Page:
The early church father, St. Athanasius, suggests that because it was Christ as the Divine Word who was our creator (Colossians 1:15-23), it is He who must serve as our re-creator. It is this same Christ, the promise of mankind from all eternity, who was born for us on earth below. On that first night, what a blessing it is to catch a glimpse of the fulfillment of these promises. In the fellowship of shepherds and angels, sharing the joy of the Son of God made incarnate, we are given a brief picture of heaven, that eternal joy, the eternal proclamation of Christ as King. We are given the briefest glimpse of what it will mean for heaven and earth to come together in common purpose: an eternity dedicated to knowing the breadth of what it means to hail Christ as King.

When I hear this song, the chorus is the shared hymn of angels and shepherds, of saints and sinners. In Christ, the highest in heaven and the lowest on earth are given the boldness and joy to sing through all Jerusalem. Where beings as different as angels and humans can stand together in praise of Christ we are given encouragement. All races, all languages, all cultures will someday stand together praising Christ. On that first night we were assured of this as the perfection of an angel and the weakness of a shepherd shared this joy. Standing before Christ, angels and humanity say together “Teach, O teach us, holy Child, by thy face so meek and mild, teach us to resemble thee, in thy sweet humility.”

~Ben Gibson

Come, Deliver This World, and Us, Forever

Break forth, O beauteous heavenly light,
And usher in the morning;
O shepherds, shrink not with afright,
But hear the angel’s warning.
This Child, now weak in infancy,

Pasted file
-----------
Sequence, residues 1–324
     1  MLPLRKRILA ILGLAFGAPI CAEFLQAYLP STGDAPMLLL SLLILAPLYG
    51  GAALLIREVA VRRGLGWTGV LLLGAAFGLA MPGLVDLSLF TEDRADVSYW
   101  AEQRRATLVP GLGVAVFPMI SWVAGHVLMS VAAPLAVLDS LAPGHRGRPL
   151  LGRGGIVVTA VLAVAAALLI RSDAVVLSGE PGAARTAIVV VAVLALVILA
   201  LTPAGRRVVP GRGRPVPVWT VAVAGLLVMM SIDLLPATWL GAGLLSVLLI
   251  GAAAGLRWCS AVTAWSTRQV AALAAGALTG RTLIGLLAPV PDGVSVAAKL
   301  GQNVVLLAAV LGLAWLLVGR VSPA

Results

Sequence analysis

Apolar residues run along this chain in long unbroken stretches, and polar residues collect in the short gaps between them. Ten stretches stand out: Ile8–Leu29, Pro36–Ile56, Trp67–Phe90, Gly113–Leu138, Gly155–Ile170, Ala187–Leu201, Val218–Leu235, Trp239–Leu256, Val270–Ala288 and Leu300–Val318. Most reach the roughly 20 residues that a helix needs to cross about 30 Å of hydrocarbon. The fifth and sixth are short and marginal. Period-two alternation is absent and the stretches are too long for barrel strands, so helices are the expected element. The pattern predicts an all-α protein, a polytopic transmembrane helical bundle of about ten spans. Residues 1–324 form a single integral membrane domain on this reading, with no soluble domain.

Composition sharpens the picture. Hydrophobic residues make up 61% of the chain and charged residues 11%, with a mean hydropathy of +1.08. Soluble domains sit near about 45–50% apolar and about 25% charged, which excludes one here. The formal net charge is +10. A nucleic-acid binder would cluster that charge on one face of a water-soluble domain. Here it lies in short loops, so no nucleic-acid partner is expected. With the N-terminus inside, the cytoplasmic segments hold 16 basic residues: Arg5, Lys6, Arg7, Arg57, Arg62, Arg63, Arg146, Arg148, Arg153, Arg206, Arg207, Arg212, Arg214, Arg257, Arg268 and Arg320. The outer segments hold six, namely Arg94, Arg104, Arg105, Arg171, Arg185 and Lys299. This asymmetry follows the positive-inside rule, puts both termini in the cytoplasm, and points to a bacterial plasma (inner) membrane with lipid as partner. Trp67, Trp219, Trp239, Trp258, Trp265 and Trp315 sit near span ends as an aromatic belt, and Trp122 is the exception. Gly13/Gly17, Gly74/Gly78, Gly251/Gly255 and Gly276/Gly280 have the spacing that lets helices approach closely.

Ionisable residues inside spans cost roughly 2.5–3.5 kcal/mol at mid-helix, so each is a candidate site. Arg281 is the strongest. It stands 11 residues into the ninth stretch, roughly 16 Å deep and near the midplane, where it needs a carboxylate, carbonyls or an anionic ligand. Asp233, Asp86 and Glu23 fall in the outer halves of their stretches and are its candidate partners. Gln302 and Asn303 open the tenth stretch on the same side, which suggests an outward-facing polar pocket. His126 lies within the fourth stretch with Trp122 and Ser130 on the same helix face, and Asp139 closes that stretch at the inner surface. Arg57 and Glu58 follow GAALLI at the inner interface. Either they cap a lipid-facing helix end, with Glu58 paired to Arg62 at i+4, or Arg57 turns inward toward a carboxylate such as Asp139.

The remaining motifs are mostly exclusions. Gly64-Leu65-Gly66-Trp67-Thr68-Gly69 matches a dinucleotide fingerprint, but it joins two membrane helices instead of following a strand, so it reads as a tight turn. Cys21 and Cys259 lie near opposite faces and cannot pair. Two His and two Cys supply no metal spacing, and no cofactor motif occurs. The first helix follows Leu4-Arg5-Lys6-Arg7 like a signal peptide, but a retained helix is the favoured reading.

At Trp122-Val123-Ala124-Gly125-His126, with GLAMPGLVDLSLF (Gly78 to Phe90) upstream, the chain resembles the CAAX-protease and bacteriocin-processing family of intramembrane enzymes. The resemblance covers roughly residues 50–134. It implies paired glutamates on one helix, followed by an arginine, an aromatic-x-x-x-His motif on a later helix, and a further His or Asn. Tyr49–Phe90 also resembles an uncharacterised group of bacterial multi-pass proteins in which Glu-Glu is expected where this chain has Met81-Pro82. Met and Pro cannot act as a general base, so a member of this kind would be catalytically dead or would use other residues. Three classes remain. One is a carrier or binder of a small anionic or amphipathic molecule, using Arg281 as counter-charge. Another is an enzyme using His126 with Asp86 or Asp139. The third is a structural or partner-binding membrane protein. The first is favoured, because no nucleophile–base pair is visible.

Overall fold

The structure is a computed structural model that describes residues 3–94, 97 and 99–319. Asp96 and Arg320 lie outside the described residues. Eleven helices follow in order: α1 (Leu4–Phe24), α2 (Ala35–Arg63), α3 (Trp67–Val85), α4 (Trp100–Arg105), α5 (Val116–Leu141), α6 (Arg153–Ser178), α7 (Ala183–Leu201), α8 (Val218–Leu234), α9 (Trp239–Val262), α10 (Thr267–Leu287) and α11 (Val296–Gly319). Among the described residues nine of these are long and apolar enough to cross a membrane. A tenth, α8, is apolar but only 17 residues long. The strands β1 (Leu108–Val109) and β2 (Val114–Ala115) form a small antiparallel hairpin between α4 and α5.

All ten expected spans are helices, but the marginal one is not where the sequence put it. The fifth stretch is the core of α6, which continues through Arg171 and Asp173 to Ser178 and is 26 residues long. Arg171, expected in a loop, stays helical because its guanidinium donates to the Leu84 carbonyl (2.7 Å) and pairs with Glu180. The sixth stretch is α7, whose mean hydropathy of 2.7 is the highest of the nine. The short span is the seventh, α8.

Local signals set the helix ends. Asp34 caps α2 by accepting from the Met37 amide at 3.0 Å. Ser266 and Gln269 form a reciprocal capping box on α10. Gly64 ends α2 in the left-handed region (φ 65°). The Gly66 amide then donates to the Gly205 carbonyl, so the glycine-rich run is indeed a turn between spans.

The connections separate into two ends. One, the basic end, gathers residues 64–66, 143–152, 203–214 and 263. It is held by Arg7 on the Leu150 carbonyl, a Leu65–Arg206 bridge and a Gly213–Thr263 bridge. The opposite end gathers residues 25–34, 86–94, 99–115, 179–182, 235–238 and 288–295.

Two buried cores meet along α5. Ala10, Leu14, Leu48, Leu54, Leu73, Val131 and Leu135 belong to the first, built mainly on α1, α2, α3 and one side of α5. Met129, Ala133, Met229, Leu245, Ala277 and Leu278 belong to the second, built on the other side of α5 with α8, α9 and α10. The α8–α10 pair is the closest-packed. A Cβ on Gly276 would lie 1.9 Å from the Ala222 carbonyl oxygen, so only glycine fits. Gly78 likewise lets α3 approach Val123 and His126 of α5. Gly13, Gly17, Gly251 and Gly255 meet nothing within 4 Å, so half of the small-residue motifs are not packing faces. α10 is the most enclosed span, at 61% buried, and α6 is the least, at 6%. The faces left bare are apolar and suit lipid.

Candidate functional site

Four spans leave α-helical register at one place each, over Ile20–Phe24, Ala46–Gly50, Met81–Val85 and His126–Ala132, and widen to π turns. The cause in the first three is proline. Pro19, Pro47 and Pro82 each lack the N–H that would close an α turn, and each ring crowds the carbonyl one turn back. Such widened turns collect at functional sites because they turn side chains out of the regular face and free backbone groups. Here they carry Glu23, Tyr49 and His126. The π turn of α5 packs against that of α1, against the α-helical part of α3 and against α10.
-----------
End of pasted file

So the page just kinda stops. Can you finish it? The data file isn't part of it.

Our confidence and joy shall be,
The power of Satan breaking,
Our peace eternal making.

This night of wonder, night of joy,
was born the Christ, our brother;
he comes, not mighty to destroy,
to bid us love each other.
How could he quit his kingly state
for such a world of greed and hate?
What deep humiliation
secured the world’s salvation!

Come, dearest child, into our hearts,
and leave your crib behind you!
Let this be where the new life starts
for all who seek and find you.
To you the honor, thanks, and praise,
for all your gifts this time of grace;
come, conquer and deliver
this world, and us, forever.

Words, verse 1: Johann Rist, 1641;
trans. John Troutbeck, ca. 1885; Words: vv. 2 & 3 by Fred Pratt Green

_______________________________________________________

The first time I ever heard this carol was when my father picked it for our family to sing for a church “gift exchange”.  I thought it odd.  I’d not heard it before and wondered why we couldn’t just sing something more familiar — some nice simple Christmas carol about that night in Bethlehem.

As an adult, however, I have come to understand and therefore love this hymn.  Let’s take a walk through it and I’ll explain why:

Verse 1:

Break forth, O beauteous heavenly light,
And usher in the morning;
O shepherds, shrink not with afright,
But hear the angel’s warning.